POSTAdd a resource to the server. It's allowed to send a POST request without a body and instead use query-string parameters.
PUTMUST completely replace that resource with the data enclosed in the body of the PUT.
PATCHPartially replace an existing resource.
DELETEDelete a resource from the server. DELETE can be used to send a request body, but it should be meaningless.
CONNECTCreate an HTTP tunnel through a proxy server. The proxy server establishes a connection with the desired server on behalf of the client, and continues to proxy the TCP stream to and from the client.
OPTIONSAllow clients to obtain parameters and requirements for specific resources without requesting the resource. The response can include an Allow header indicating the allowed HTTP methods for this resource or various CORS (cross-origin resource sharing) headers.
TRACEDesigned for diagnostic purposes. The server respond by echoing in its response the exact request that was received. Occasionally, this leads to the disclosure of sensitive information, such as internal authentication headers appended by reverse proxies.

Spring Boot Rest APIs

In this section we will see how to create "Spring Boot Rest APIs" with "PostgreSQL & Spring Data JPA".

1) Dependencies

The final "pom.xml" should look something like this:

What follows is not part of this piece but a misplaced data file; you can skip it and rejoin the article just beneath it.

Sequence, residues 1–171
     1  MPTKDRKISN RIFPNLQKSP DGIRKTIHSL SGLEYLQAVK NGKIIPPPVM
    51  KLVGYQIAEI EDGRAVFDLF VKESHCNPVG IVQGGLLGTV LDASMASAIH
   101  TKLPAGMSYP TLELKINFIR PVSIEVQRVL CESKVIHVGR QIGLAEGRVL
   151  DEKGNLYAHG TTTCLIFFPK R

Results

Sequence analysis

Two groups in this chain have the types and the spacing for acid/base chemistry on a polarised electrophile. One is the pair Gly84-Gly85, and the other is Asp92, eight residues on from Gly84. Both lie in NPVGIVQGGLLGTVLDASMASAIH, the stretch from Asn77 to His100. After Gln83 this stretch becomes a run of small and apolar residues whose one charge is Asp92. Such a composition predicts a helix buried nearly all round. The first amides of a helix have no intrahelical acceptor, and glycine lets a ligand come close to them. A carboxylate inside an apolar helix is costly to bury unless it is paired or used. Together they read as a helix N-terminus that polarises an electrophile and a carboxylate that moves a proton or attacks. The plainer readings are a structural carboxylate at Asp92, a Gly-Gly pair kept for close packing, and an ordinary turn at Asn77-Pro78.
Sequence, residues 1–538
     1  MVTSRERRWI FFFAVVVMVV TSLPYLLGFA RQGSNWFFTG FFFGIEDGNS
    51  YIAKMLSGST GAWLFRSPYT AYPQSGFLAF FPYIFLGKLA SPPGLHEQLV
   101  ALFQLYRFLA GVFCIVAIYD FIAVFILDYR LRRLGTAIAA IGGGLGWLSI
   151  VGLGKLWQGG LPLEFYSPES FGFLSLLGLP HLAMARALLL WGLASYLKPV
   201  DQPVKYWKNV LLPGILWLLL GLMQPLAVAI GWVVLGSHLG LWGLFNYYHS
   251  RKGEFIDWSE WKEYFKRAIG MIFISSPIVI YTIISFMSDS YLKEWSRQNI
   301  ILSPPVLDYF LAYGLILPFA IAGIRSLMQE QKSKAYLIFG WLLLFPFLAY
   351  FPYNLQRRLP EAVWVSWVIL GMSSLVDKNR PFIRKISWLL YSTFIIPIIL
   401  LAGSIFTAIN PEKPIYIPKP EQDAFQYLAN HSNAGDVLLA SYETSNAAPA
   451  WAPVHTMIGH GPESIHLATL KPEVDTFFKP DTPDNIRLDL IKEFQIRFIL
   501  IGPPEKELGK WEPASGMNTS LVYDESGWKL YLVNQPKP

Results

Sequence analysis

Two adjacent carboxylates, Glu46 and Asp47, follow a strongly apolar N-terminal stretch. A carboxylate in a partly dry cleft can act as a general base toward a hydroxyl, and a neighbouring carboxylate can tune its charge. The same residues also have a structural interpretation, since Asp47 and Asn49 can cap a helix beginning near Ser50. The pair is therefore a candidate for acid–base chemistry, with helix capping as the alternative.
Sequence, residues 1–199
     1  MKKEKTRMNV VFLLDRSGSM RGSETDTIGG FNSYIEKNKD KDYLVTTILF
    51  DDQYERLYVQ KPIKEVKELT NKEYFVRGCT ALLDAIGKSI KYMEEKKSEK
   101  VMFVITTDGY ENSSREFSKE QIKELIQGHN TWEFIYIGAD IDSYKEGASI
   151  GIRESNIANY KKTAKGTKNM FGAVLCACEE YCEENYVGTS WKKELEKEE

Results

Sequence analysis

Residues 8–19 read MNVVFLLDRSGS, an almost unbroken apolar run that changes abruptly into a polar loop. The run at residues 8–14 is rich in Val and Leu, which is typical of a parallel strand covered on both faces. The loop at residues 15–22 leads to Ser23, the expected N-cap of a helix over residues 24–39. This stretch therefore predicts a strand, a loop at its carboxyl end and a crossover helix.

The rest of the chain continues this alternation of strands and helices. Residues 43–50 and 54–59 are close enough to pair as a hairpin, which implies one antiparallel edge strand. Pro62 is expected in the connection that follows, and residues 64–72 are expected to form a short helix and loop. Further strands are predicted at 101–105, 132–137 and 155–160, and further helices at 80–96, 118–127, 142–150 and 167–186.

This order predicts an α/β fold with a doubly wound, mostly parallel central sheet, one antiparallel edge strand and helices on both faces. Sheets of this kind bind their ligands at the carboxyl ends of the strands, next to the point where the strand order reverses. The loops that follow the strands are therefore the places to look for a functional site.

2) Properties file

Lets add required "postgresql", "connection pool" and "swagger" related properties to "application.properties".

Creating a scheme i.e. "bootpostgres" is the only thing we need to do in "PostgresDB", everything else (table creation etc.) will be automatically handled by "Spring Data JPA".

3) Model

We are creating "CRUD" Rest APIs" for an "Employee", here is the model to represent it:

4) Repository

This is where "Spring Data JPA" comes into the picture, we are creating an "EmployeeRepository" implementing "JpaRepository", this will save us from writing any boilerplate code for JDBC stuff.

Read More: Spring Data Repositories.

5) Service

This is just an abstraction between the data layer and controller; note how we are implementing "update()" to avoid any unintended data loss:

6) Controller

Finally, this is the place where we are defining the rest endpoints for our service; please take special attention to the usage of "consumes" and "produces".

7) Jpa Auditing

We are also using "Jpa Auditing" to populate "createdAt" and "updatedAt" automatically; these fields are extended to "Employee" through "AbstractEntity".

8) Spring Boot

This is plain old Spring Boot driver class; all the execution starts from here.

9) Testing

Now we are all done with our project setup, remember we have added a dependency for "springdoc-openapi-ui". This will help us in testing our end-points with an inbuilt interface.

Run the application and swagger UI for testing APIs can be accessed here: http://localhost:8080/swagger-ui.html

Swagger UI

Source Code


NK Chauhan

NK Chauhan is a Principal Software Engineer with one of the biggest E Commerce company in the World.

Chauhan has around 12 Yrs of experience with a focus on JVM based technologies and Big Data.

His hobbies include playing Cricket, Video Games and hanging with friends.

Spring Framework
Core Java
Java Concurrency